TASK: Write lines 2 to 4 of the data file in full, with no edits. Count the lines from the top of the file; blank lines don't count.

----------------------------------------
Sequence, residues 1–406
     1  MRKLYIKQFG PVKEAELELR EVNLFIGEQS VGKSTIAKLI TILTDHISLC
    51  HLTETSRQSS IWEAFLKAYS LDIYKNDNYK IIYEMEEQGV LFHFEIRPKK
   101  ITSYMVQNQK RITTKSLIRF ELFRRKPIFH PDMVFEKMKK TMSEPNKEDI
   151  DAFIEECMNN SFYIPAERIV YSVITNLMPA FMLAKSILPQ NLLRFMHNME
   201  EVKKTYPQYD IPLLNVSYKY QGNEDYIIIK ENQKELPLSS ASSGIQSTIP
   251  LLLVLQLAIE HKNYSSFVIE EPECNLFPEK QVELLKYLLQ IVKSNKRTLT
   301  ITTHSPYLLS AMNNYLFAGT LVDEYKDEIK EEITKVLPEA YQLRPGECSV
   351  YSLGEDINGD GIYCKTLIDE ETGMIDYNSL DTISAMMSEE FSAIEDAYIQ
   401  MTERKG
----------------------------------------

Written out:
     1  MRKLYIKQFG PVKEAELELR EVNLFIGEQS VGKSTIAKLI TILTDHISLC
    51  HLTETSRQSS IWEAFLKAYS LDIYKNDNYK IIYEMEEQGV LFHFEIRPKK
   101  ITSYMVQNQK RITTKSLIRF ELFRRKPIFH PDMVFEKMKK TMSEPNKEDI